Coulston AM, Liu GC, Reaven GM. Plasma glucose, insulin and lipid responses to high-carbohydrate low-fat diets in normal humans. Metabolism 1983; 32 (1): 52–6PubMedCrossRefGoogle Scholar
  35. 35.
    Lefebvre P, Luyckx A. Effect of insulin on glucagon enhanced lipolysis in vitro. Diabetologia 1969; 5: 195–7PubMedCrossRefGoogle Scholar
  36. 36.
    Jensen MD, Caruso M, Heiling V, et al. Insulin regulation of lipolysis in nondiabetic and IDDM subjects. Diabetes 1989; 38: 1595–601PubMedCrossRefGoogle Scholar
  37. 37.
    Boyd III AE, Glamber SR, Mager M, et al. Lactate inhibition of lipolysis in exercising man. Metabolism 1974; 23 (6): 531–42PubMedCrossRefGoogle Scholar
  38. 38.
    Astrand PO, Ryhming I. A nomagram for calculation of aerobic capacity (physical fitness) from pulse rate during submaximal work. J Appl Physiol 1954; 7: 218–22PubMedGoogle Scholar
  39. 39.
    Swain DP, Abernathy KS, Smith CS, et al. Target heart rates for the development of cardiorespiratory fitness. Med Sci Sports Exerc 1994; 26 (1): 112–6PubMedGoogle Scholar
  40. 40.
    Davis JA, Frank MH, Whipp BJ, et al. Anaerobic threshold alterations caused by endurance training in middle-aged men. J Appl Physiol 1979; 46 (6): 1039–46PubMedGoogle Scholar
  41. 41.
    Roberts KM, Nobel EG, Hayden DB, et al. Simple and complex carbohydrate-rich diets and muscle glycogen content of marathon runners. Eur J Appl Physiol 1988; 57: 70–4CrossRefGoogle Scholar
  42. 42.
    Kiens B, Raben AB, Valeur AK, et al. Benefit of dietary simple carbohydrates on the early postexercise muscle glycogen repletion in male athletes. Med Sci Sports Exerc 1990; 22 (2 Suppl.): S88Google Scholar
  43. 43.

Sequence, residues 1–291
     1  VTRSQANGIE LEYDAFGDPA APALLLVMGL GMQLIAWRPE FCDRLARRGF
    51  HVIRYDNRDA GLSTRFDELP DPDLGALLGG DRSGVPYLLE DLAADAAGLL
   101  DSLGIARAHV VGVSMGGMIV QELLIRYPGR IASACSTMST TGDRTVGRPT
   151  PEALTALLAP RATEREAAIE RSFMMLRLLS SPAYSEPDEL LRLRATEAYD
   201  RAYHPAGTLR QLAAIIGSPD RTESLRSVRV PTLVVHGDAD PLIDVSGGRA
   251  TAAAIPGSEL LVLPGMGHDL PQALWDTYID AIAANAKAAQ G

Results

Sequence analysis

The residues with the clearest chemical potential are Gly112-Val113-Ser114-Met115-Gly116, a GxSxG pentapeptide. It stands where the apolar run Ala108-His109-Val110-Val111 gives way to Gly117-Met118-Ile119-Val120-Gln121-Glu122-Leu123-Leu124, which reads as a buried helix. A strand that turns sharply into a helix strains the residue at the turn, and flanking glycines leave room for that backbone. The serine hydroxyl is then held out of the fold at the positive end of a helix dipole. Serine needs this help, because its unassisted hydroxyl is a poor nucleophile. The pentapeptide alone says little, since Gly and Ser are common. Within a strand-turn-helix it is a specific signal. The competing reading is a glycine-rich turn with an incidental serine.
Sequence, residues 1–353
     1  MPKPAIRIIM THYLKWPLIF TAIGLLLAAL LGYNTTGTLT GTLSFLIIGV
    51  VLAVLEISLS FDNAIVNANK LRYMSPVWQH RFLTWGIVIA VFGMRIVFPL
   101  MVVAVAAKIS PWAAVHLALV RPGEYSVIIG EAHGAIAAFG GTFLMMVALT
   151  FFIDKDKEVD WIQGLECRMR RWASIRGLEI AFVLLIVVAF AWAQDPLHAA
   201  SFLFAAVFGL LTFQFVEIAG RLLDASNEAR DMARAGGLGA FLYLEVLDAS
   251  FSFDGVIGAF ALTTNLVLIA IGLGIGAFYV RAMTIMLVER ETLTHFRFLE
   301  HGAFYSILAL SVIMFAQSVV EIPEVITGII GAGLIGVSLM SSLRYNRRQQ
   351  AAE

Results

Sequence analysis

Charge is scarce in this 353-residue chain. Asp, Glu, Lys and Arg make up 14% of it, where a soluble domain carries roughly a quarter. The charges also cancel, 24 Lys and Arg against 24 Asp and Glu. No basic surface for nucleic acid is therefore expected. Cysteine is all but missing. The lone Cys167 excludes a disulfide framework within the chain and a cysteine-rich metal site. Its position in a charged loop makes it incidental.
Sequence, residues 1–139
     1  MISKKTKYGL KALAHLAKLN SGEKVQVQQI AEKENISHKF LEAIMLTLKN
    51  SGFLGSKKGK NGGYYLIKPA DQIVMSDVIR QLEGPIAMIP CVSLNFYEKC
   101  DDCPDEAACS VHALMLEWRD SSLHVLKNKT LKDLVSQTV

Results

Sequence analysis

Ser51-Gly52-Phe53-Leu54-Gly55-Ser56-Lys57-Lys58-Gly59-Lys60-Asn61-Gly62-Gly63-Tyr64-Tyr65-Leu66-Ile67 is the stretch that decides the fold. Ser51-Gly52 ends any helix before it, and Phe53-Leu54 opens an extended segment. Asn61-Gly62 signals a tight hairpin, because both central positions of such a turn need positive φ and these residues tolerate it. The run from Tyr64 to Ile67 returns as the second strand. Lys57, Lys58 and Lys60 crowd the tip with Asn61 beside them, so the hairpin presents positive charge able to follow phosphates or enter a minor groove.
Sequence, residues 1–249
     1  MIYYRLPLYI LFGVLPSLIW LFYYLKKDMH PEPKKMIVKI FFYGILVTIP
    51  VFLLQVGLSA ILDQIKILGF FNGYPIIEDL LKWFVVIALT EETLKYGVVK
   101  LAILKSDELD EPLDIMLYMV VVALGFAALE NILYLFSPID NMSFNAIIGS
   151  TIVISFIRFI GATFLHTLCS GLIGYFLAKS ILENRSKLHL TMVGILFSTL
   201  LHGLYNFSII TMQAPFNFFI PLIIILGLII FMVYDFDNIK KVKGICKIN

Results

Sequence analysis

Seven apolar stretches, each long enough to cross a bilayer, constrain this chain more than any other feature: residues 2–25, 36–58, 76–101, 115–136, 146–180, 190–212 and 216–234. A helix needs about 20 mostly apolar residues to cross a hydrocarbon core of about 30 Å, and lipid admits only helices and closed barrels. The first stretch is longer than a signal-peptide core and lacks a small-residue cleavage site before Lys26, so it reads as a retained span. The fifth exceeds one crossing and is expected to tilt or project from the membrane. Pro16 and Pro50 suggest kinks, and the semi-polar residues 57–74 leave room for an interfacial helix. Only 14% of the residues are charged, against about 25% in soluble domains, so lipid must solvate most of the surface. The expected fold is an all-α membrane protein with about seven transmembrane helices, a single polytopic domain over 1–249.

Zawadzki KM, Yaspelkis III BB, Ivy JL. Carbohydrate-protein complex increases the rate of muscle glycogen storage after exercise. J Appl Physiol 1992; 72 (5): 1854–9PubMedGoogle Scholar
  44. 44.
    Spiller GA, Jensen CD, Pattison TS, et al. Effect of protein dose on serum glucose and insulin response to sugars. Am J Clin Nutr 1987; 46: 474–80PubMedGoogle Scholar
  45. 45.
    Perseghin G, Price TB, Petersen KF, et al. Increased glucose transport-phosphorylation and muscle glycogen synthesis after exercise training in insulin-resistant subjects. N Engl J Med 1996; 335: 1357–62PubMedCrossRefGoogle Scholar
  46. 46.
    de Fronzo RA, Ferrannini E, Sato Y, et al. Synergistic interaction between exercise and insulin on peripheral glucose uptake. J Clin Invest 1981; 68: 1468–74CrossRefGoogle Scholar
  47. 47.
    Douen AG, Ramlal T, Rastogi S, et al. Exercise induces recruitment of the ‘insulin-responsive glucose transporter.’ J Biol Chem 1990; 265: 13427–30Google Scholar
  48. 48.
    Vane JR. Prostaglandins and the cardiovascular system. Br Heart J 1983; 49: 405–9PubMedCrossRefGoogle Scholar
  49. 49.